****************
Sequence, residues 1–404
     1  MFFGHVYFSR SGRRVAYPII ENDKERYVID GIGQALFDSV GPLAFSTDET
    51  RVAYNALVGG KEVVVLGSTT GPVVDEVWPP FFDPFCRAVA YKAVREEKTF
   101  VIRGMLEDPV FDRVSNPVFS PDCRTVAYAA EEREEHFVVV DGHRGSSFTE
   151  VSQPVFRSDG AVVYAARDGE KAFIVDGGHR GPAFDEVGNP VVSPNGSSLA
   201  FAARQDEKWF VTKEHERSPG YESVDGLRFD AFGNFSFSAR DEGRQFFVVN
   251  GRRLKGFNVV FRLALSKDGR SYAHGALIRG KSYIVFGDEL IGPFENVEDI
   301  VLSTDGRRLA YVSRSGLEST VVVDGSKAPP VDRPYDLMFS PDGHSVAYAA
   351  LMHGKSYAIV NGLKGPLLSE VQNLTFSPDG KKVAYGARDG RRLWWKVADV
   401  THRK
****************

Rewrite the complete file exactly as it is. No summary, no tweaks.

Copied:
Sequence, residues 1–404
     1  MFFGHVYFSR SGRRVAYPII ENDKERYVID GIGQALFDSV GPLAFSTDET
    51  RVAYNALVGG KEVVVLGSTT GPVVDEVWPP FFDPFCRAVA YKAVREEKTF
   101  VIRGMLEDPV FDRVSNPVFS PDCRTVAYAA EEREEHFVVV DGHRGSSFTE
   151  VSQPVFRSDG AVVYAARDGE KAFIVDGGHR GPAFDEVGNP VVSPNGSSLA
   201  FAARQDEKWF VTKEHERSPG YESVDGLRFD AFGNFSFSAR DEGRQFFVVN
   251  GRRLKGFNVV FRLALSKDGR SYAHGALIRG KSYIVFGDEL IGPFENVEDI
   301  VLSTDGRRLA YVSRSGLEST VVVDGSKAPP VDRPYDLMFS PDGHSVAYAA
   351  LMHGKSYAIV NGLKGPLLSE VQNLTFSPDG KKVAYGARDG RRLWWKVADV
   401  THRK